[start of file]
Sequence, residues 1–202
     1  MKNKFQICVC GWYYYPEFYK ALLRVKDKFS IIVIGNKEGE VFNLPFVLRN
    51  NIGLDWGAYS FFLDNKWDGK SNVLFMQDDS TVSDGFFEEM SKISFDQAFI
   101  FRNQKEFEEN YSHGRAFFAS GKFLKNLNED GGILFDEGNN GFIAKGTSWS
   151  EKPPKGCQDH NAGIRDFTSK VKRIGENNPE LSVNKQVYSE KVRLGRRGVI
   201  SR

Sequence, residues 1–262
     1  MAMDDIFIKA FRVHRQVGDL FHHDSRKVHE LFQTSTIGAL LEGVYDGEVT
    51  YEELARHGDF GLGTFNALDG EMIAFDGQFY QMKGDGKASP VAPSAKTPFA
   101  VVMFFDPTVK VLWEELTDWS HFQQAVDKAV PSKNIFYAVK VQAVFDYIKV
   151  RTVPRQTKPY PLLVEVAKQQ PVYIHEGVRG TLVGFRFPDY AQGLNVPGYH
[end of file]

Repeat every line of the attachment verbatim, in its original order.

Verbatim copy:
Sequence, residues 1–202
     1  MKNKFQICVC GWYYYPEFYK ALLRVKDKFS IIVIGNKEGE VFNLPFVLRN
    51  NIGLDWGAYS FFLDNKWDGK SNVLFMQDDS TVSDGFFEEM SKISFDQAFI
   101  FRNQKEFEEN YSHGRAFFAS GKFLKNLNED GGILFDEGNN GFIAKGTSWS
   151  EKPPKGCQDH NAGIRDFTSK VKRIGENNPE LSVNKQVYSE KVRLGRRGVI
   201  SR

Sequence, residues 1–262
     1  MAMDDIFIKA FRVHRQVGDL FHHDSRKVHE LFQTSTIGAL LEGVYDGEVT
    51  YEELARHGDF GLGTFNALDG EMIAFDGQFY QMKGDGKASP VAPSAKTPFA
   101  VVMFFDPTVK VLWEELTDWS HFQQAVDKAV PSKNIFYAVK VQAVFDYIKV
   151  RTVPRQTKPY PLLVEVAKQQ PVYIHEGVRG TLVGFRFPDY AQGLNVPGYH